On March 31, 2017, President Trump signed two Executive Orders (EO) aimed at the enforcement of the collection of antidumping and countervailing duties for unfair trade practices and at the evaluation of significant trade deficits with U.S. trading partners. These EOs are a clear indication that trade, as promised throughout the campaign, will continue to be a top priority of the Trump presidency.

The new Enhanced AD/CVD Collection EO does not appear to change or add to the Trade Facilitation and Trade Enforcement Act of 2015 (TFTEA) that President Obama signed into law but signals that trade issues will continue to remain a high priority for both Democrats and Republicans. For example, Section 115 of TFTEA already directed “U.S. Customs and Border Protection to adjust bond amounts for importers, including new importers and nonresident importers, based on risk assessments of such importers conducted by U.S. Customs and Border Protection, in order to protect the revenue of the Federal Government.”

The Enhanced AD/CVD Collection EO signed by President Trump requests that the Secretary of the Treasury, the Secretary of Commerce, the United States Trade Representative, and the U.S. Attorney General provide additional input to the Secretary of Homeland Security to develop and implement a strategy and plan for combating violations of United States trade and customs laws. Thus, it signals broader authority and stepped up enforcement of potential trade violations among the Federal Agencies.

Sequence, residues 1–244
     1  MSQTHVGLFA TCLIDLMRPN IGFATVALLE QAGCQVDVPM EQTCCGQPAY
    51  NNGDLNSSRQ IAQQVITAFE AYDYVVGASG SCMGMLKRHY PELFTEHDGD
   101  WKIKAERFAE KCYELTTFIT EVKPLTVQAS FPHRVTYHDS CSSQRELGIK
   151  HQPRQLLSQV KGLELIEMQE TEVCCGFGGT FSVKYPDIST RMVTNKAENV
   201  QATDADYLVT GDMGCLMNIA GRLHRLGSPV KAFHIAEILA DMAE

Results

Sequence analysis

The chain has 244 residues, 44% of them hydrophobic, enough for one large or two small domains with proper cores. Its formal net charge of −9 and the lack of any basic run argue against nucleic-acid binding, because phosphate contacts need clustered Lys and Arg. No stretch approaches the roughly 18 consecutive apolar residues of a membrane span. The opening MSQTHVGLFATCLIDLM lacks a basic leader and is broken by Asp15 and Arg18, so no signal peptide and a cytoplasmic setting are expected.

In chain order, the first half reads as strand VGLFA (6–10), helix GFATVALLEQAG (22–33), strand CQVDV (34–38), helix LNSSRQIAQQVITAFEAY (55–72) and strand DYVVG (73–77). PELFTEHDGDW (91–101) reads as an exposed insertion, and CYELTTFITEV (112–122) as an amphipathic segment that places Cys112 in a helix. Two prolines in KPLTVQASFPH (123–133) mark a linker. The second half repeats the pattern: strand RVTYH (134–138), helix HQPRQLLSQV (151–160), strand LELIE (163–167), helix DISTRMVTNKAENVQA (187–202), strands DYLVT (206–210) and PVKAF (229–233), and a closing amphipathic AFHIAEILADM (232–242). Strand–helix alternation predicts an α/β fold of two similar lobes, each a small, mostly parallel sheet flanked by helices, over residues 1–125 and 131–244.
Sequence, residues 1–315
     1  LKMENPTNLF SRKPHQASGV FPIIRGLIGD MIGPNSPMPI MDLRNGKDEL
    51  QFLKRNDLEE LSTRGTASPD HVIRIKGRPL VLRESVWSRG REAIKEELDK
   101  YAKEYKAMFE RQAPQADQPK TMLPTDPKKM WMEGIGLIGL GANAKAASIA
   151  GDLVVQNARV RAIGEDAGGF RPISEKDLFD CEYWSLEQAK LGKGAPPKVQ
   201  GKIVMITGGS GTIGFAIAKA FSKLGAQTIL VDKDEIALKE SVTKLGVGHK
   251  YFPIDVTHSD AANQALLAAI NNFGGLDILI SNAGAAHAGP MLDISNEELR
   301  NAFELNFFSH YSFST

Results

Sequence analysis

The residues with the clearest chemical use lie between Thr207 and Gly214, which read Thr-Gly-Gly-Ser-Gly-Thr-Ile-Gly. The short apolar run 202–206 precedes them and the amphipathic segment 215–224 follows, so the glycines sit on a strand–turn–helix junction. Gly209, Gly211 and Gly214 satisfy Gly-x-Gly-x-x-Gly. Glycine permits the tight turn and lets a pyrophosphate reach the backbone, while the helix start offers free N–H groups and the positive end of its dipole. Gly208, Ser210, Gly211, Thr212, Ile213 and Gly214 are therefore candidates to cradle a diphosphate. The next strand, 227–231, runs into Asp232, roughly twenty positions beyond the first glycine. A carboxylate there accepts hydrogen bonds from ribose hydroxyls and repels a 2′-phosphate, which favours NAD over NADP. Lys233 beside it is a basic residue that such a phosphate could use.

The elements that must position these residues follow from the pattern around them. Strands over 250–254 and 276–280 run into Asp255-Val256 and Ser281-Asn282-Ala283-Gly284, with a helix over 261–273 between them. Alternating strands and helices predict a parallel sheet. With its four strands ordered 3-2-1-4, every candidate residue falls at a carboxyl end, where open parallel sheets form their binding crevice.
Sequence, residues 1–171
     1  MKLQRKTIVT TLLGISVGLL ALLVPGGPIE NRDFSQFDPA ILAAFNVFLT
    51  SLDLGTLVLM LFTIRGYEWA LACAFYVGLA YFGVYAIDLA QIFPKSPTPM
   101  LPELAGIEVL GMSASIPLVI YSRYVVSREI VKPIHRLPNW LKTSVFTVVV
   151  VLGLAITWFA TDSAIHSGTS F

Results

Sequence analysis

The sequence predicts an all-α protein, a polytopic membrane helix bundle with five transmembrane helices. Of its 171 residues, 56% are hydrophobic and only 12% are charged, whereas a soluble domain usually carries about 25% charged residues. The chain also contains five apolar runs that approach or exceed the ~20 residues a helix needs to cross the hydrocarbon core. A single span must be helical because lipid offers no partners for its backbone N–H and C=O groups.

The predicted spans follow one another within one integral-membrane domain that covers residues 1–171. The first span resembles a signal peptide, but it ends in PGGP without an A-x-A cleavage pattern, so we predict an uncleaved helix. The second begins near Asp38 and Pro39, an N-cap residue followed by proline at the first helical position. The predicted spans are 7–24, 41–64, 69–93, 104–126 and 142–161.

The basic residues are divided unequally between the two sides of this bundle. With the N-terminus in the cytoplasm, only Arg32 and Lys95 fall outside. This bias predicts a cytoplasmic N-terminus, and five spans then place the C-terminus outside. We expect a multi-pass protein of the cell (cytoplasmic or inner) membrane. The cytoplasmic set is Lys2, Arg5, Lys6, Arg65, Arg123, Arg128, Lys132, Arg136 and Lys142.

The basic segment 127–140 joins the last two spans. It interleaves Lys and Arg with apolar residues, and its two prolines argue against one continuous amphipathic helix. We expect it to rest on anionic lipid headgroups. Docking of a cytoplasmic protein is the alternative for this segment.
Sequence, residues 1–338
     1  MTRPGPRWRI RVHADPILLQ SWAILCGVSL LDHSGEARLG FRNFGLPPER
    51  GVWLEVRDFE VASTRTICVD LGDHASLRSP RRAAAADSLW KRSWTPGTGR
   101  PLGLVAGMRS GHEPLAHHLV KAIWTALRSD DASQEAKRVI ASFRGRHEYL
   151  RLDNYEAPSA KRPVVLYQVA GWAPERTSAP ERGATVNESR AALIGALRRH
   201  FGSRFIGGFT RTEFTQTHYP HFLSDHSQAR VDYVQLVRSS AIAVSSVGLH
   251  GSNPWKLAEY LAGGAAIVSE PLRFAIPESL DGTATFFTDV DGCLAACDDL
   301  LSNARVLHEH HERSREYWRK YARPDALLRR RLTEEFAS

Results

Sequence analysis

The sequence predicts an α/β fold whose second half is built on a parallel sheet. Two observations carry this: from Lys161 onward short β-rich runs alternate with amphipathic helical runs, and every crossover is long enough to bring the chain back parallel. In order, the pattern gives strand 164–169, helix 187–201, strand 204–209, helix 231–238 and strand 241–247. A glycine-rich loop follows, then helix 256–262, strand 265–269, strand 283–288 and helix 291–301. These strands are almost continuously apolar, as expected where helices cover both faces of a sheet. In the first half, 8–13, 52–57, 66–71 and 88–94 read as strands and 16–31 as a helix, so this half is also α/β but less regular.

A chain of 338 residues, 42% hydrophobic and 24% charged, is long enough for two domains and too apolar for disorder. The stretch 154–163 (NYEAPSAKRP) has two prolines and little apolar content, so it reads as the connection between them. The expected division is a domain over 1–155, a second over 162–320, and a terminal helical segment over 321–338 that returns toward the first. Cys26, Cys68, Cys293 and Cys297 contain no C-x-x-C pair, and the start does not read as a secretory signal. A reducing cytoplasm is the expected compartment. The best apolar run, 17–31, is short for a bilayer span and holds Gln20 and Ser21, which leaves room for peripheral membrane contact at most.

President Trump’s EO on Trade Deficits calls for the Secretary of Commerce and the United States Trade Representative (USTR) to issue a report in consultation with various governmental and non-governmental stakeholders, including manufacturers, workers, consumers, service providers, farmers, and ranchers. President Trump’s EO targets foreign trading partners with which U.S. had a significant trade deficit in 2016. (Deficits were recorded, in billions of dollars, with China ($347.0), European Union ($146.3), Japan ($68.9), Germany ($64.9), Mexico ($63.2), Ireland ($35.9), Italy ($28.5), South Korea ($27.7), Malaysia ($24.8), India ($24.3), Thailand ($18.9), France ($15.8), Switzerland ($13.7), Taiwan ($13.3), Indonesia ($13.2), and Canada ($11.2). The report seeks to address potential causes and to find ways to adjust the imbalance of the trade deficits.

The EOs also appear to be indication that President Trump plans to stick to his other campaign promises of a potential border adjustment tax, the implementation of across-the-board tariffs, and a reevaluation of the United States’ trade obligations under its various agreements.

With the issuance of the EOs the Trump Administration appears to be signaling that it now is prepared to move forward on its trade agenda on many fronts. Every U.S. business and every supply chain is likely to be affected, for better or worse, by these developments. We expect much more to come, and soon.